, Volume 41, Issue 9, pp 832-836

The role of trypsin, trypsin inhibitor, and trypsin receptor in the onset and aggravation of pancreatitis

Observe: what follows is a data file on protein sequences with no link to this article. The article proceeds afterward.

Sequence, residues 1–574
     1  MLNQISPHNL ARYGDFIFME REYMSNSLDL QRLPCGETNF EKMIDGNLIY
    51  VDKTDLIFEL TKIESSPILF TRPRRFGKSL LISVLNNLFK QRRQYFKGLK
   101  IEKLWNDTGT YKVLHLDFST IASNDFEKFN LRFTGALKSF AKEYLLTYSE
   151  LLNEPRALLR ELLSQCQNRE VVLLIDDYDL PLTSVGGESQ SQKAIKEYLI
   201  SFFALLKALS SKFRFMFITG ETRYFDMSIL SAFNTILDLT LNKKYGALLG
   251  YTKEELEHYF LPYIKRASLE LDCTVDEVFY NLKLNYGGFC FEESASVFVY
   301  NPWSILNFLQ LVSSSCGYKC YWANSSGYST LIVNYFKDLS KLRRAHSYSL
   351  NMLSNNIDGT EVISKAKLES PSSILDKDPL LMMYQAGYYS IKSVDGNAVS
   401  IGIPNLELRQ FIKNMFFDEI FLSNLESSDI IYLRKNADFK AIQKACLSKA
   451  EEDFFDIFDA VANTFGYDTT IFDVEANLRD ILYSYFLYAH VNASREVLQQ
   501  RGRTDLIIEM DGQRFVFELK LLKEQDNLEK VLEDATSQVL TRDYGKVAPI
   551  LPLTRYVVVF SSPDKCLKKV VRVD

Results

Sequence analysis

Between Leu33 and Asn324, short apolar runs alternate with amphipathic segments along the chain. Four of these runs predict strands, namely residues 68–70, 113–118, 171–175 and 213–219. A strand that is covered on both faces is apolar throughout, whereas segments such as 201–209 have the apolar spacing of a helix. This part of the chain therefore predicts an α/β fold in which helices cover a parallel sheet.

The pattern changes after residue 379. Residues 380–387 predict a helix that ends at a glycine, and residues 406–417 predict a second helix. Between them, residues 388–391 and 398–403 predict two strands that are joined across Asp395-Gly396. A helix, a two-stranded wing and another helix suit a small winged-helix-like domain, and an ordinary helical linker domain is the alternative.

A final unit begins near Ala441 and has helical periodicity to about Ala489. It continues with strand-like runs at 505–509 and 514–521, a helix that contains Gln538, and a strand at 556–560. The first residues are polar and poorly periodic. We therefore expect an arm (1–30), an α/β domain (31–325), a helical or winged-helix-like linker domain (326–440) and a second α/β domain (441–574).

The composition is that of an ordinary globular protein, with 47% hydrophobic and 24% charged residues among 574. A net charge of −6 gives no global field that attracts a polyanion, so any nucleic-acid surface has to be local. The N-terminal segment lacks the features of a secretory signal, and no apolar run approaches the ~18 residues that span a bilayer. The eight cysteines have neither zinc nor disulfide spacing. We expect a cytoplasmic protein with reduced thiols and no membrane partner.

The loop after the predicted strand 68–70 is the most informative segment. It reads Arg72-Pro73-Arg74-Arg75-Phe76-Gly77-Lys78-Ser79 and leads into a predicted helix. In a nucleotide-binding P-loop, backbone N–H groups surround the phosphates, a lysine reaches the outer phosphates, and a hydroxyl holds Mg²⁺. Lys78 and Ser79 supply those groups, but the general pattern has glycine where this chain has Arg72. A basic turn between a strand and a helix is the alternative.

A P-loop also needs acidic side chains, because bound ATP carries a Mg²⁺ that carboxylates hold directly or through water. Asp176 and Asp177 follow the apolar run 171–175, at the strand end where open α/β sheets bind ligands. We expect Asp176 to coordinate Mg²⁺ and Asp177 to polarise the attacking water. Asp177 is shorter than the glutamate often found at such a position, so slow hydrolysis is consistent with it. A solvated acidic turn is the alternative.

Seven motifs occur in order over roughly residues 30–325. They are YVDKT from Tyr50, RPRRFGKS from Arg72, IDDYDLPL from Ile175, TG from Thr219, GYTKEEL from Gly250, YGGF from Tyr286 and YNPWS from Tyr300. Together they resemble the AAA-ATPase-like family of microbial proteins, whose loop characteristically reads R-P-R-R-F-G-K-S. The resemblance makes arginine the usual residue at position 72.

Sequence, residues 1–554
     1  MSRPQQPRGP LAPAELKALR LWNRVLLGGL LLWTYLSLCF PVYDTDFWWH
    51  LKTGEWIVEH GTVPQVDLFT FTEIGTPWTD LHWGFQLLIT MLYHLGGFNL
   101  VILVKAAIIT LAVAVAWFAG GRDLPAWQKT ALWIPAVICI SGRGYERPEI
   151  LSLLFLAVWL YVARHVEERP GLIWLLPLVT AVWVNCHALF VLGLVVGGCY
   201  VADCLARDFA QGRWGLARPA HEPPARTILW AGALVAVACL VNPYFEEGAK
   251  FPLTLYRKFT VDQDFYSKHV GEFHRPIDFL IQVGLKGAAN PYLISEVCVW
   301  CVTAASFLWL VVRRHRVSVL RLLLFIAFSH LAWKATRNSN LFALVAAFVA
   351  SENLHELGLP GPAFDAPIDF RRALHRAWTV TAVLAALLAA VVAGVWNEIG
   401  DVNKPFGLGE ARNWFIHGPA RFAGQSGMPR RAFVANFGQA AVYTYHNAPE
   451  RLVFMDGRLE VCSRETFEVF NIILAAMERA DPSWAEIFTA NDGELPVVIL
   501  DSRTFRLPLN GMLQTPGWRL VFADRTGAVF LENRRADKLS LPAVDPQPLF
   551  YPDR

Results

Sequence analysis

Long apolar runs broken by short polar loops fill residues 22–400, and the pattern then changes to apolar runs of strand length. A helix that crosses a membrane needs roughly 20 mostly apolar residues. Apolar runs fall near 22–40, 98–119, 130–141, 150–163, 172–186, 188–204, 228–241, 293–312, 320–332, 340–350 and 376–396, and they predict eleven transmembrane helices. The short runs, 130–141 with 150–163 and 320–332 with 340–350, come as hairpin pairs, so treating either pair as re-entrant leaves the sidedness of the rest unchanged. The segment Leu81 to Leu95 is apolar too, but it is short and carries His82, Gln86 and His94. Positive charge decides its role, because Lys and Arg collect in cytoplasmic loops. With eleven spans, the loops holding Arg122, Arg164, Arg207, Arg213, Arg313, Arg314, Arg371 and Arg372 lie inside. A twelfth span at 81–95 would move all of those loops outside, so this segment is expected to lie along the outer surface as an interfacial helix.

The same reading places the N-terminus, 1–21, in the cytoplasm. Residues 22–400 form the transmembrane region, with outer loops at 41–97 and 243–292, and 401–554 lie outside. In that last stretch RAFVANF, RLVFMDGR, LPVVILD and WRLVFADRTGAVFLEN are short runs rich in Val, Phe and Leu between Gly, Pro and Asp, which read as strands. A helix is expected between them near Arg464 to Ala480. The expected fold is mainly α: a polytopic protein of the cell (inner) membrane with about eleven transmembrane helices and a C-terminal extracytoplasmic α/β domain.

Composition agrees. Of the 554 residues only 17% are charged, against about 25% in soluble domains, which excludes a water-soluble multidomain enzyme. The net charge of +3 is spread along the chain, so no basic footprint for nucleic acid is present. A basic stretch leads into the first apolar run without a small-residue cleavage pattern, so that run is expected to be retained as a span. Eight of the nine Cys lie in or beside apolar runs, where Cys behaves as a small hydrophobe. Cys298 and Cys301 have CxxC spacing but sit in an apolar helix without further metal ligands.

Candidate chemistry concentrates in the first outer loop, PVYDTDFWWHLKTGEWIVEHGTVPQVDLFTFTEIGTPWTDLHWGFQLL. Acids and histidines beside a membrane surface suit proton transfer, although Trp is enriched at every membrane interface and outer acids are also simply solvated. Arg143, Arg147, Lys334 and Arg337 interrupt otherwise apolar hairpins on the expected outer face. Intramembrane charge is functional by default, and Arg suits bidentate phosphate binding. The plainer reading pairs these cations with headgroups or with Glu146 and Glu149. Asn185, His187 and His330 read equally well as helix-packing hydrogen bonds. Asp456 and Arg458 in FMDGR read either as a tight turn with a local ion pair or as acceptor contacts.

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Trypsin activity is properly suppressed in the pancreatic acinar cells under normal conditions. A small amount of trypsinogen is converted to active trypsin and inactivated by pancreatic secretory trypsin inhibitor (PSTI), thereby preventing damage to pancreatic acinar cells as a first line of defense. However, if trypsin activation (due to excessive stimulation of pancreatic acinar cells) exceeds the capacity of PSTI, a subsequent cascade of events leads to the activation of various proteases that damage cells. This can be interpreted as the main causative event of pancreatitis onset. Trypsin produced in and secreted from the pancreatic acinar cells activates protease activated receptor-2 (PAR-2), which is present at high densities on the luminal surfaces of pancreatic acinar cells and duct cells. Results of PAR-2 activation are the production of cytokines and the regulation of exocrine function via a negative feedback loop. Thus, the actions of trypsin, trypsin inhibitor (PSTI), and trypsin receptor (PAR-2) in the pancreas are strongly interconnected.